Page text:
No video. I'm in a rush to make this and another blog post happen before I die of tiredness. But I really didn't want to miss a week of this, neither do I want to not do the other one because this blog is not just about the pattern of the week it is about me and the shop and all of the other good things happening here. But the last three weeks or so have been mad. Anyway. I'll explain that in the other blog I'm writing that will be posted before this one is so this makes no sense. Anyway, the pattern:
There were lots of patterns in contention for this week's pattern of the week - the Duck, the jumper that I showed you last week, the new ones that have come with the Patons Washed Cotton DK and the King Cole Big Value Recycled Aran. But, for various reasons, I couldn't and then Sarah came in today with a little struggled at the bottom of her toe, finished a sock in the shop and made us all squeal with happiness at how fantastic she is. LOOK!
Now, every time you buy a ball of the Zig Zag 4ply you get a free pattern for these socks. We've had the Zig Zag in since the very first day so we've had this free pattern in since the very first day. We're now on the fourth version of this pattern and I wish I'd kept a copy of each. It doesn't change by much each time but they rephotograph some of the designs in new colours and often add a new leg design. The way that it works is that you have lots of different ideas for legs - usually based in some way on an interesting rib - and then you come together, no matter what leg you're doing, for the heel and the foot. They use a really traditional flap and turn heel which I do think is the easiest way to learn a heel. Not because the stitches are any easier than any other heel but because the 'scary' bit or the 'bit that doesn't make sense' doesn't last for very long. Heel flap? Dead easy. Heel turn? SCARY SCARY SCARY! At least the first time that you look at it. My first top tip - if you're a new sock knitter - don't think about it. Just follow it line by line. It will blow your mind.
Now, there's a new copy of the pattern out with the brand new colours of the Zig Zag and it is the lovely one I showed you above.
Phwooooooar. They're good aren't they? The beautiful thing about socks is that you can knit them without making your bum look bit or worry about looking like a clown - they're hidden under trousers if you want them to be (I don't, I want the world to see how good I am at knitting....).
I'm not going to go through why you should knit socks for socks sake - I've written about that all over the place. But what I do think it's good for it learning techniques: working in the round (double points or magic loop though this pattern's written for dpns and I do think that it's worth sticking with those if this is your first project, as Sarah found out... ), slipping stitches, short row shaping, picking up stitches, leaning decreases, kitchener stitch. All of these techniques on a tiny little thing! They're also bloody brill for taking around with you, so it you're the sort of person that needs to sit down and concentrate on your knitting, I would suggest picking up a ball of Zig Zag - and therefore this pattern - casting on and taking it around with you. You'd be surprised at how much knitting you can get done in a queue or at a friend's house or visiting a pub or if you're on tv! Haha.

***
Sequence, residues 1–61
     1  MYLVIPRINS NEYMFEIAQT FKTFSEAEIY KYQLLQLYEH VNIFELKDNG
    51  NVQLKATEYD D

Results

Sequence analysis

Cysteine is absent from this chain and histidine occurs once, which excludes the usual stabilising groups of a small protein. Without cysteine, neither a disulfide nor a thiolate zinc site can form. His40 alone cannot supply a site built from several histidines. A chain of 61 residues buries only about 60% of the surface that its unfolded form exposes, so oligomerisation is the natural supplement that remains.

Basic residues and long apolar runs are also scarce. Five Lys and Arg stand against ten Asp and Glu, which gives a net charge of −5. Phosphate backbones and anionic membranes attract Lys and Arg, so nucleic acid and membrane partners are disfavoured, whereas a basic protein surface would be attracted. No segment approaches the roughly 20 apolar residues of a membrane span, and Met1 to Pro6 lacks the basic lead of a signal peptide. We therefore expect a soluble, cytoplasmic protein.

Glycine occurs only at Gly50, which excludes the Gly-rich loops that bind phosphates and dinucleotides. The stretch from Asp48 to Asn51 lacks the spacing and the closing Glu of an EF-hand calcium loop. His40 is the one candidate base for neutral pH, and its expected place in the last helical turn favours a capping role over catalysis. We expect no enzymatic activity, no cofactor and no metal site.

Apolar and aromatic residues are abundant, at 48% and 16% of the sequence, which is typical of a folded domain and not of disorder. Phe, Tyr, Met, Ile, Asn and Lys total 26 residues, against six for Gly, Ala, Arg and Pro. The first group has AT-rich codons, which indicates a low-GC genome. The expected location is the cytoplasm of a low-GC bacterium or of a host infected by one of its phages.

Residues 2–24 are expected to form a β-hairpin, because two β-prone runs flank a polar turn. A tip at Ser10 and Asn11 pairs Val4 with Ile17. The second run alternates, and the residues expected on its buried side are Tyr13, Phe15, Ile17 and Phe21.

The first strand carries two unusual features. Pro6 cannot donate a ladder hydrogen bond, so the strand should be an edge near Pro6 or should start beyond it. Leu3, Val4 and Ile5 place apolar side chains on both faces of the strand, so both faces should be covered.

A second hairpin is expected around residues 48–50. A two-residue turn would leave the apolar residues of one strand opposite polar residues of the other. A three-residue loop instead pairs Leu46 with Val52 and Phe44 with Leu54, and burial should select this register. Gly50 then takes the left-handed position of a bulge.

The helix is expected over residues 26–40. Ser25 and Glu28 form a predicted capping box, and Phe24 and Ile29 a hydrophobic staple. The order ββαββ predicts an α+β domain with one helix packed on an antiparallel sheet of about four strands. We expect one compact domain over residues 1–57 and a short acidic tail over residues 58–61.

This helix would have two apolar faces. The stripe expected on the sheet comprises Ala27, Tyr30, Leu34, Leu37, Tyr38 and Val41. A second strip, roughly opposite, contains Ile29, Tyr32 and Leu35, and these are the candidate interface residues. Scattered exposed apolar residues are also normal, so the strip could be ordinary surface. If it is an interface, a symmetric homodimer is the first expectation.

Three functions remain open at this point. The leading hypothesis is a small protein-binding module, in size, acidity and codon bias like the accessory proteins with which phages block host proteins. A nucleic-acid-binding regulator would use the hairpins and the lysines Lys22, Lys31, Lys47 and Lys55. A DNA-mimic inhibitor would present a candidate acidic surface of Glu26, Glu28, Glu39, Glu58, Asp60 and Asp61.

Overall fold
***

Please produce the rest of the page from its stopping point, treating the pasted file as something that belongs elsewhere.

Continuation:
Now, talking about skills, let me give you a top tip. At some point in the sock, and I'll try not to give the pattern away, you have to pay for that ;) (or at least the yarn...), you have to pick up stitches, and the proscribe exactly the amount of stitches you have to pick up. I SAY IGNORE THEM! Pick up as many stitches as you need to (I say this is general too, but specifically for socks) because after this point, you do a load of decreases until you get back to the original stitch count so you can do more decreases. Yes? When I say ignore them - if they're saying pick up 15 stitches and you're picking up 45 then something's gone wrong, but 20? Yeah, you're fine.
And finally, the pattern is written for 3mm double pointed needles. These will work. I promise. But I reckon that the smaller the needle a sock is knitted on the longer it will last, the yarn just has less space to wiggle around and rub against itself and that's what causes problems. So I always suggest that you go for a 2.75mm double point. You can go smaller, and we stock them, but you tend to find that price goes up (£2.50 to £6, so pretty steep) because they're deemed more 'specialist'. Worth investing in if you end up liking socks, but if you're buying the Zig Zag Sock Yarn wanting this pattern (rather than knowing one off the top of your head like most sock knitters end up doing) then I'm gonna say you're a beginner and it's worth not spending your life savings before you decide whether you're going to do it again. Although, I'm a shop, deffo spend more money if you want.... Haha.
So that's it. I'm glad to have featured this pattern actually, it's been one of the stalwarts since we first opened and so many of you have learned to knit socks from it. Such a lovely thing to knit and wear and a great thing to get into at this time of year - nice and small to take with you when you're out and about, not gonna make your lap sweaty and lots of socks ready for winter! PERFS!
Love Eleanor. xxxxxxxx